Provided by HORAN | Presented by TP Mechanical
The U.S. Office of Disease Prevention and Health Promotion recommends that you consume at least two servings of fruit and three servings of vegetables each day. Although this varies by age, sex and level of physical activity, it is a good recommendation to live by to build a healthy dietary base.
One great way to add variety to your diet and to make sure you are eating enough fruits and vegetables is to look for seasonal produce. Additionally, choosing in-season produce can help save you money, as the abundance of the fruit or vegetable typically makes it less expensive.
This summer, be mindful of what fruits and vegetables are in season near you. Fruits & Veggies—More Matters, a health initiative focused on helping Americans increase fruit and vegetable consumption for better health, has made it easy to figure out which produce is in season. On its website, you can view year-round, winter, spring, summer and fall produce options.
Click here to see what’s in season this summer.
Presented by TP Mechanical | Provided by HORAN
September is fruit and veggie month, so now is the perfect time to examine your fruit and veggie intake. Most people are unsure of how many fruits and vegetables they should consume each day or are confused by specific serving sizes. How do you know whether you and your family are getting enough fruits and veggies?
The U.S. Department of Agriculture’s MyPlate graphic is designed to help people choose the proper portion sizes for each food group at mealtimes. According to MyPlate guidelines, you should fill up half of your plate with fruits and vegetables at each meal. Making fruits and veggies the focal point of your plate will ensure that you and your family are eating healthier and consuming as many fruits and veggies as possible each day.
Presented by TP Mechanical | Provided by HORAN
Nothing is more frustrating than fruit or veggies going bad before you are able to eat them. Produce purchased in supermarkets is usually harvested long before it is found on grocery store shelves; in fact, it is estimated that produce travels an average of 1,500 miles from its source before reaching our homes. Because of this, many fruits and vegetables aren’t at peak freshness and need to be eaten within a few days of purchase. Your local farmers market can help bridge the gap from farm to table.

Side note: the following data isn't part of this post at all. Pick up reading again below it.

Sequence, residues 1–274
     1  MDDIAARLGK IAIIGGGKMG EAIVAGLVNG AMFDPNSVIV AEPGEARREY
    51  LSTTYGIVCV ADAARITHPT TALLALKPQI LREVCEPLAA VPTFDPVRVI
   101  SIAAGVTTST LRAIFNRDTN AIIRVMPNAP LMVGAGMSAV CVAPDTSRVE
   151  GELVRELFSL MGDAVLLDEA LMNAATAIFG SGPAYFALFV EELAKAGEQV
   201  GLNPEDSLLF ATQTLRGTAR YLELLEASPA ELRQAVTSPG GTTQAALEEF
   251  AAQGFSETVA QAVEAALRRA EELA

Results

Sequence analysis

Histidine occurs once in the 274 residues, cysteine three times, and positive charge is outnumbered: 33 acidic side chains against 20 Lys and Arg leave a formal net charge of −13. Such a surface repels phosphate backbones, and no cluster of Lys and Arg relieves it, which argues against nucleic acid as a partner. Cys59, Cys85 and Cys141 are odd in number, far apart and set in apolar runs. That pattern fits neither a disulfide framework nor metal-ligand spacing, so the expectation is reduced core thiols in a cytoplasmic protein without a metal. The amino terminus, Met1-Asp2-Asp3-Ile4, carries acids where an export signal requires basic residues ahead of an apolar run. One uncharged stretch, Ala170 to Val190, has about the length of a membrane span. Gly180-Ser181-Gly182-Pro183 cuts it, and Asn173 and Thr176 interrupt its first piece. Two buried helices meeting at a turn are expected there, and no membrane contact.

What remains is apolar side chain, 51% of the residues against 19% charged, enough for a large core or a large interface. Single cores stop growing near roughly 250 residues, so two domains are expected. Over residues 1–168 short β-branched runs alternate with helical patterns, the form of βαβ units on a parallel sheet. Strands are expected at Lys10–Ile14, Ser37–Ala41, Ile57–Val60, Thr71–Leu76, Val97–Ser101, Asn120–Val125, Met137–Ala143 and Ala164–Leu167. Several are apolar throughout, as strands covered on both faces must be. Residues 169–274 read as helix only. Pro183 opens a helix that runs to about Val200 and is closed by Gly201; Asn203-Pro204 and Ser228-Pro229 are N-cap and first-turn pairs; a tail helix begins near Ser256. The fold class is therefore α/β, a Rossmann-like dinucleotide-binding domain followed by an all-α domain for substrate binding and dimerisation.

There are several benefits to buying locally sourced food: you support local farmers, you can buy in-season produce and your perishable food items will last much longer because they come fresh from the farm. During the summer months, farmers markets offer a rainbow of delicious and healthy options to choose from; sweet corn, bell peppers and eggplant are all in season during the summer months and can most likely be found in plentiful supply at your local farmers market.
There is often such a variety at farmers markets that you can always find something you’ve never tried before. Aren’t sure how to prepare your newly discovered fruits and veggies? Just ask! Many vendors are passionate about the food they produce and are often more than happy to offer preparation tips and tasty recipes for you to try.
Farmers markets aren’t just for produce. You can also find locally sourced eggs, meat, jams and baked goods at farmers markets. Flowers, crafts and jewelry are popular items as well. In addition, farmers markets are a great way to connect with your community; you can get to know your local farmers, catch up with friends and spend time with your family.
Now that summer is here, check out your local farmers market. Buying local is a great way for you to eat healthier and save money.
Heat spells ‘hazard on the job’ for workers in the summertime. With the warmer weather moving into our area, the risks for heat-related illnesses increase, especially for workers exposed to humid conditions while wearing bulky protective clothing.
So, how do you stay cool during the warmest months of the year? Would you know the signs if heat exhaustion suddenly hit?
Hydration is Key
The absolute best way to avoid the threat of heat-related illness while working is to stay hydrated. Water is still the go-to drink in extreme heat. As for the amount of water that you will need to stay hydrated, new research suggests we should go beyond the traditional 8 glasses per day rule. Recent studies are saying that on average, adult males need about 3.7 liters of fluids per day (nearly 16 cups), while ladies need roughly 2.7 liters (or 11 cups) per day.
There are other food options for helping you stay hydrated, including:
- Fruits & vegetables
- Sports drinks
What to Wear?
OHSA advises workers to wear light, loose-fitting clothing while working in extreme heat. Tightly-woven clothing works best for blocking out light, and the fabric should contain as much cotton as possible.
You should also be wearing sunscreen to block harmful sun rays. A sun protection factor (SPF) of at least 15 blocks 93 percent of UV rays.
Personal Protective Equipment (PPE) for extreme temperatures can include a vented hard hat with UV protection, reflective clothing, body-cooling vests, and water-cooled garments. Workers should also be aware that some equipment can actually increase the risk of heat stress.
Knowing the Signs
Signs of heat exhaustion include disorientation, stumbling, slurred speech and unresponsiveness.
Other symptoms include:
- Muscle cramps
- Heat rash
- Severe thirst
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